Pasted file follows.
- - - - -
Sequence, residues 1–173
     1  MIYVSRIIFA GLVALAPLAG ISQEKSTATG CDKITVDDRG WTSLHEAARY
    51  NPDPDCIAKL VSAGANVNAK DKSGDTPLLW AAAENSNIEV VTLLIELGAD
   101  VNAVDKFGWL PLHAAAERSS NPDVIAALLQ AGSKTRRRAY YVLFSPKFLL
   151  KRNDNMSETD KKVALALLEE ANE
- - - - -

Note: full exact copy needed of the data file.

Sequence, residues 1–173
     1  MIYVSRIIFA GLVALAPLAG ISQEKSTATG CDKITVDDRG WTSLHEAARY
    51  NPDPDCIAKL VSAGANVNAK DKSGDTPLLW AAAENSNIEV VTLLIELGAD
   101  VNAVDKFGWL PLHAAAERSS NPDVIAALLQ AGSKTRRRAY YVLFSPKFLL
   151  KRNDNMSETD KKVALALLEE ANE